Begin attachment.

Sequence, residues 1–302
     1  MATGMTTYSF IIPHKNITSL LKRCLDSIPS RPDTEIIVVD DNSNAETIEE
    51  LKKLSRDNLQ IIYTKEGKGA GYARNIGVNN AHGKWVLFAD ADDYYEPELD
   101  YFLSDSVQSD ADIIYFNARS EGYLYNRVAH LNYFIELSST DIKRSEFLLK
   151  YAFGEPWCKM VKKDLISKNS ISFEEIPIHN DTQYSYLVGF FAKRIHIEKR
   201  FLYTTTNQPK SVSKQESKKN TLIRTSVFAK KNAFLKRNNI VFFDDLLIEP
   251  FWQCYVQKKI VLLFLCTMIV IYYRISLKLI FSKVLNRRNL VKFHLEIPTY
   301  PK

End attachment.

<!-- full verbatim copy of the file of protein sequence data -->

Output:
Sequence, residues 1–302
     1  MATGMTTYSF IIPHKNITSL LKRCLDSIPS RPDTEIIVVD DNSNAETIEE
    51  LKKLSRDNLQ IIYTKEGKGA GYARNIGVNN AHGKWVLFAD ADDYYEPELD
   101  YFLSDSVQSD ADIIYFNARS EGYLYNRVAH LNYFIELSST DIKRSEFLLK
   151  YAFGEPWCKM VKKDLISKNS ISFEEIPIHN DTQYSYLVGF FAKRIHIEKR
   201  FLYTTTNQPK SVSKQESKKN TLIRTSVFAK KNAFLKRNNI VFFDDLLIEP
   251  FWQCYVQKKI VLLFLCTMIV IYYRISLKLI FSKVLNRRNL VKFHLEIPTY
   301  PK